World population will continue to rise

September 22, 2014

When it comes to the party that is planet Earth, we might need to plan for a few extra guests, according to scientists. A new statistical projection concludes that the world population is unlikely to level off during the 21st century, leaving the planet to deal with as many as 13 billion human inhabitants—4 billion of those in Africa—by 2100.

World population graph

Learn more here.

What happens when you have no cerebellum in your brain?

September 14, 2014

A woman has reached the age of 24 without anyone realising she was missing a large part of her brain. The case highlights just how adaptable the organ is.

The discovery was made when the woman was admitted to hospital complaining of dizziness and nausea. Doctors did a CAT scan and immediately identified the source of the problem – her entire cerebellum was missing. The space where it should be was empty of tissue. Instead it was filled with cerebrospinal fluid, which cushions the brain and provides defence against disease.

Scan showing no cerebellum (top). Normal brain (bottom).

Scan showing no cerebellum (top). Normal brain (bottom).

The cerebellum’s main job is to control voluntary movements and balance, and it is also thought to be involved in our ability to learn specific motor actions and speak. Problems in the cerebellum can lead to severe mental impairment, movement disorders, epilepsy or a potentially fatal build-up of fluid in the brain. However, in this woman, the missing cerebellum resulted in only mild to moderate motor deficiency, and mild speech problems such as slightly slurred pronunciation. Learn more here.

Giant dinosaur unearthed in Argentina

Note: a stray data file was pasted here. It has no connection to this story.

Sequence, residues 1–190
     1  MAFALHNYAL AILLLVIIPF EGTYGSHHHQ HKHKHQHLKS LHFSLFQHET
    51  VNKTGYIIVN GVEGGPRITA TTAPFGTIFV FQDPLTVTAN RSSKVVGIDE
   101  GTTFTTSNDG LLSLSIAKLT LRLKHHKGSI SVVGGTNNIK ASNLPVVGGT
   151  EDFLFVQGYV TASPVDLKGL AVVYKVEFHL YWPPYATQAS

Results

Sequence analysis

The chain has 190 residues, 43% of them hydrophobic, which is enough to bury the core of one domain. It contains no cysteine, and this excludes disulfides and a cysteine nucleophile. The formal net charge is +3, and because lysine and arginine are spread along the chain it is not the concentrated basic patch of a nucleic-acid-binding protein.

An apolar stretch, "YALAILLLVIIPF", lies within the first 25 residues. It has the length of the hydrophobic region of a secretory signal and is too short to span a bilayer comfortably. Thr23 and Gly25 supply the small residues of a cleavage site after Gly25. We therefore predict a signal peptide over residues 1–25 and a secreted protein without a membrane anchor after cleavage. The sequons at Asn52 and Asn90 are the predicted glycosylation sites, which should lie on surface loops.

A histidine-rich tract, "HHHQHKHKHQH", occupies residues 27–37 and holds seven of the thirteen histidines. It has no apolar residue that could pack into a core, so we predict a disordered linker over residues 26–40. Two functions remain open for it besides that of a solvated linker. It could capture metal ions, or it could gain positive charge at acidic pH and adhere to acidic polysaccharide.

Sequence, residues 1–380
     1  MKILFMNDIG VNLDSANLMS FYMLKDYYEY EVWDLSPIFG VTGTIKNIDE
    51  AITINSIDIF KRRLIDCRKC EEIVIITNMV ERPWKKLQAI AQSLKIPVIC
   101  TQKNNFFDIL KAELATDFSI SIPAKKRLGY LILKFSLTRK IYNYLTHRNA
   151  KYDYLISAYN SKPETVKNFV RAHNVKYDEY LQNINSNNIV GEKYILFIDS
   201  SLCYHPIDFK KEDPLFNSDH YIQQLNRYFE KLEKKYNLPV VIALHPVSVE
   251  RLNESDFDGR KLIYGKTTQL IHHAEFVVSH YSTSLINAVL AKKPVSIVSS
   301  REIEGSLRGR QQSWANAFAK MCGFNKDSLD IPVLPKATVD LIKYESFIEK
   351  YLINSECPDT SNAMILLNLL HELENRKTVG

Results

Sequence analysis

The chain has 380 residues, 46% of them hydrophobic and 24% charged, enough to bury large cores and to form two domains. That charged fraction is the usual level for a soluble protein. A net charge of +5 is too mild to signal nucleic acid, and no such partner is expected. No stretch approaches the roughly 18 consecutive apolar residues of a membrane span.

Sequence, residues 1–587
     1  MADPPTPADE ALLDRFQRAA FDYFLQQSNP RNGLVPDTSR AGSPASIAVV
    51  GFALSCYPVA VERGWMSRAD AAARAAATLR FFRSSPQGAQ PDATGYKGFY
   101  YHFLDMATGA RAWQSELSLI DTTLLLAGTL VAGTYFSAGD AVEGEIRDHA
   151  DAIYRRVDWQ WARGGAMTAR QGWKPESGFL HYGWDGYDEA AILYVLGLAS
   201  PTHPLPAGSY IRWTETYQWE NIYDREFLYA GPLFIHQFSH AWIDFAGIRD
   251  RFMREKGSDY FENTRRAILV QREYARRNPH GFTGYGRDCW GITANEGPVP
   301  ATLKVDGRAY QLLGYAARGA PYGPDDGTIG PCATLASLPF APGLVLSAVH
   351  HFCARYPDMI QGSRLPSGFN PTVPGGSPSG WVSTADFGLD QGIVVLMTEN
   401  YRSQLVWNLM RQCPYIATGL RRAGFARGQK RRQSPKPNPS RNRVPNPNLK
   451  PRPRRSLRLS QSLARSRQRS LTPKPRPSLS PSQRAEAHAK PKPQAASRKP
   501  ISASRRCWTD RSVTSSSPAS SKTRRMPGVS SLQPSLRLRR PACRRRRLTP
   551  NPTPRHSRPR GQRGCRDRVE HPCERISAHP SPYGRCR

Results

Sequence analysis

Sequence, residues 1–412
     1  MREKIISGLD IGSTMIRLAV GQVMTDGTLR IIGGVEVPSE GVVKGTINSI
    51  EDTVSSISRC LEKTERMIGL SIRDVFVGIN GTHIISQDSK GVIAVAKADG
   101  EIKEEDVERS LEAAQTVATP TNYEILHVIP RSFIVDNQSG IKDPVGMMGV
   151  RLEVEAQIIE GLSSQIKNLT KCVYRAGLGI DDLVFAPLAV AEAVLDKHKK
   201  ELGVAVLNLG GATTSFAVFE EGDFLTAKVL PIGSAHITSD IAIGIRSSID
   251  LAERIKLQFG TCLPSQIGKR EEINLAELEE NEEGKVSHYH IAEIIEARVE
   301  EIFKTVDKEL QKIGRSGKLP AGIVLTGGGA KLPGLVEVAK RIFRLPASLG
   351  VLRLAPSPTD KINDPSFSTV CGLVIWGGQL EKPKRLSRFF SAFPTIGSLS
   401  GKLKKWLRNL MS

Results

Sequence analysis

September 5, 2014

They just keep getting bigger. The latest dinosaur to be discovered was 26 metres long and seven times as heavy as Tyrannosaurus rex . Named Dreadnoughtus schrani by the team who found it, the bones belonged to the largest known land animal whose size can be reliably calculated. And it wasn’t even fully grown.

Dreadnoughtus schrani

The 77-million-year-old Dreadnoughtus skeleton was found in south-west Patagonia, Argentina, in 2005, and has taken several years to analyse. While other giants from Patagonia are known from a handful of bones, almost half of the Dreadnoughtus skeleton has been recovered. What’s more, the fossilised bones are in such good condition – even revealing where muscles attached – that the skeleton could provide unprecedented insights into the biology, movement and evolution of the group of huge plant-eating dinosaurs it belonged to, called the titanosaurian sauropods. Learn more here, here, here, here or here.

The neuroscience of restorative justice

September 2, 2014

Daniel Reisel studies the brains of criminal psychopaths (and mice). And he asks a big question: Instead of warehousing these criminals, shouldn’t we be using what we know about the brain to help them rehabilitate? Put another way: If the brain can grow new neural pathways after an injury … could we help the brain re-grow morality?

You Can Learn Anything

August 28, 2014

Most people think their intelligence is fixed. The science says it’s not. It starts with knowing you can learn anything.

This all relates to Carol Dweck’s ‘Growth Mindset’ theory. You can explore more at Khan Academy here.

Carol explains her theory here:

This all relates to the following great video …

What motivates us to work?

August 21, 2014

Contrary to conventional wisdom, it isn’t just money. But it’s not exactly joy either. It seems that most of us thrive by making constant progress and feeling a sense of purpose.

Where do good ideas come from?

August 18, 2014

Humans need not apply

August 17, 2014

This video combines two thoughts to reach an alarming conclusion: “Technology gets better, cheaper, and faster at a rate biology can’t match” + “Economics always wins” = “Automation is inevitable.”

How optical illusions trick your brain

August 13, 2014

I really like optical illusions.

Optical illusions are images that seem to trick our minds into seeing something different from what they actually are. But how do they work? Learn more in this clip ….

How Gravity Makes Things Fall

July 24, 2014

This is really interesting …


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